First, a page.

Investors should be keeping a close eye on these three things as storm clouds gather

Investors should be keeping a close eye on these three things as storm clouds gather

Good to add a layer of protection should those clouds turn into a polar vortex

Just like the leaves changing colour indicates that winter is coming, certain segments of the market and economy seem to be hinting that chillier times are ahead.

Overall, we still believe that the global economy remains on the path to recovery, but it doesn’t hurt to add a layer of protection should the storm clouds on the horizon turn into a polar vortex.

To help, here are three areas we’re keeping a very close eye on for any key developments.

Q3 earnings season

Earnings season has just kicked off and, as of Monday, 71 per cent of the S&P 500 companies that have reported cited the negative impact of supply chains on their Q3 conference calls, according to FactSet. We expect to see more of this in forward guidance as companies face supply constraints, rising labour and feedstock costs, and an escalating global energy crisis.

Combine this with the potential for higher rates and a stronger United States dollar, and it wouldn’t surprise us to see a P/E multiple compression and, therefore, a more moderate advance in equity markets going forward.

The S&P forward P/E has already compressed by three points (from 23x to 20x), according to Jurrien Timmer, director of Global Macro at Fidelity Investments Inc.

Consumer confidence

All these supply constraints are already starting to weigh on the average consumer and that is expected to get even worse as we enter the Christmas shopping season.

More than a third of adults in the U.S. had trouble procuring housing, groceries or new cars in August, according to Morning Consult . In particular, it’s rather concerning that 44 per cent who sought to procure a house or apartment indicated they had difficulty doing so.

Don’t kid yourself, this is important as the consumer is the primary driver of the economy, and a happy consumer means a happy stock market.

Morgan Stanley research has shown a near-perfect correlation of the S&P 500 index, year over year, to the year-over-year Conference Board Consumer Confidence Index. Interestingly, the S&P remains 25 per cent above last year’s level, but the Consumer Confidence Index has recently dropped to less than zero per cent.

It appears the financial markets are pricing these supply chain and inflationary pressures as if they were transitory, while consumer sentiment indicates otherwise.  Let’s hope the market participants are right.

Interest rates

We think five- and 10-year U.S. Treasury yields are currently 50 to 100 basis points too low when compared to similar historical periods. Managing one’s duration exposure is imperative in this environment, but knowing sector correlations to interest rates is equally important.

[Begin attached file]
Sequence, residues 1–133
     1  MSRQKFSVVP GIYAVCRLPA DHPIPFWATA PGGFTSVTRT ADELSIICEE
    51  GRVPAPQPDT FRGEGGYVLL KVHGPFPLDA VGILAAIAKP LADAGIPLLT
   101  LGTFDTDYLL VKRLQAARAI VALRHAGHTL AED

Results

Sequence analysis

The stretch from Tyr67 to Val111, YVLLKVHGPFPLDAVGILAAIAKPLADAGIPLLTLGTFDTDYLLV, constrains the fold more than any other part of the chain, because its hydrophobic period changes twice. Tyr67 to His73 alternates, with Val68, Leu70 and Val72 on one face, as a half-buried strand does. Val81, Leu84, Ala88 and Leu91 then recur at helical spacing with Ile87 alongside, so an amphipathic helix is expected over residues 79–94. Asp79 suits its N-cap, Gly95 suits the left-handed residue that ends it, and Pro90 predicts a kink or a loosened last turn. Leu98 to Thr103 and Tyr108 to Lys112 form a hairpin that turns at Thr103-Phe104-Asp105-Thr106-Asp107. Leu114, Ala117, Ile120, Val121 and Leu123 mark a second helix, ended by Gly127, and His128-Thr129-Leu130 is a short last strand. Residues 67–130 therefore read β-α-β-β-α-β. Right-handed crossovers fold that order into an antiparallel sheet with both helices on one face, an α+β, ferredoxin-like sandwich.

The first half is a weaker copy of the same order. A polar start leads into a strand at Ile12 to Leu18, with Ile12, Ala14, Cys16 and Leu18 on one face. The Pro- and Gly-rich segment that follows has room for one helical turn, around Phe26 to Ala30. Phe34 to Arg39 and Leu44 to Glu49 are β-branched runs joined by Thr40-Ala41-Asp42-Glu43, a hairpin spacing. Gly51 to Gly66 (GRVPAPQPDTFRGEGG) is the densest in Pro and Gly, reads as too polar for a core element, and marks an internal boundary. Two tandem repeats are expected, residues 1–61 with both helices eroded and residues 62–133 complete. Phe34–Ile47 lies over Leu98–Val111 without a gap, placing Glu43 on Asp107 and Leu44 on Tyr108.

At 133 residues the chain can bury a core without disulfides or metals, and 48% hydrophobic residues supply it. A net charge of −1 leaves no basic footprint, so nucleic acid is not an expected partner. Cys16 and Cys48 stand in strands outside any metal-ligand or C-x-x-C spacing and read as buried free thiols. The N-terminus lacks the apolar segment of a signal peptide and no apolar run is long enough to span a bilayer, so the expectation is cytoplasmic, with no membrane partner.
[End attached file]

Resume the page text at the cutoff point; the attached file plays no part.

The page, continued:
For example, the weekly returns of the utilities and consumer staples sectors have a negative 10-per-cent correlation to five-year Treasury yields, according to a Fidelity Investments analysis, while technology is at negative 30 per cent. On the other side, energy and financials have a positive 30-per-cent correlation, meaning they should act favourably to rising yields.

Tying the three together, if things don’t improve, we could be facing the potential for stagflation, meaning continued inflationary pressures, including wage growth, but slowing economic growth.

t certainly doesn’t help that fiscal stimulus will eventually be removed from the economy while central banks start tightening and, as a result, reduce their support from buying their respective government debts.

For those wondering how to position around this, recent research on the 1960-to-2020 period by Goldman Sachs Group Inc. provides some good insight.

It identified health care, energy, consumer services (versus goods) and value stocks as the strongest-performing sectors with median quarterly excess returns compared to the Russell 3000 index during stagflationary periods. This compared to a negative relative performance in the industrials and technology sectors.

We also continue to like structured notes as a hybrid of equity and fixed income, which, if properly designed, can add some nice risk-adjusted returns to a portfolio while offering some reasonable downside protection.

We heard a great line this week that markets go up 60 per cent of the time, so what we do in the other 40 per cent matters. Being proactive by deploying tactical asset allocations will help keep you warm and the lights on during those long, cold winter nights.

Source: Financial Post

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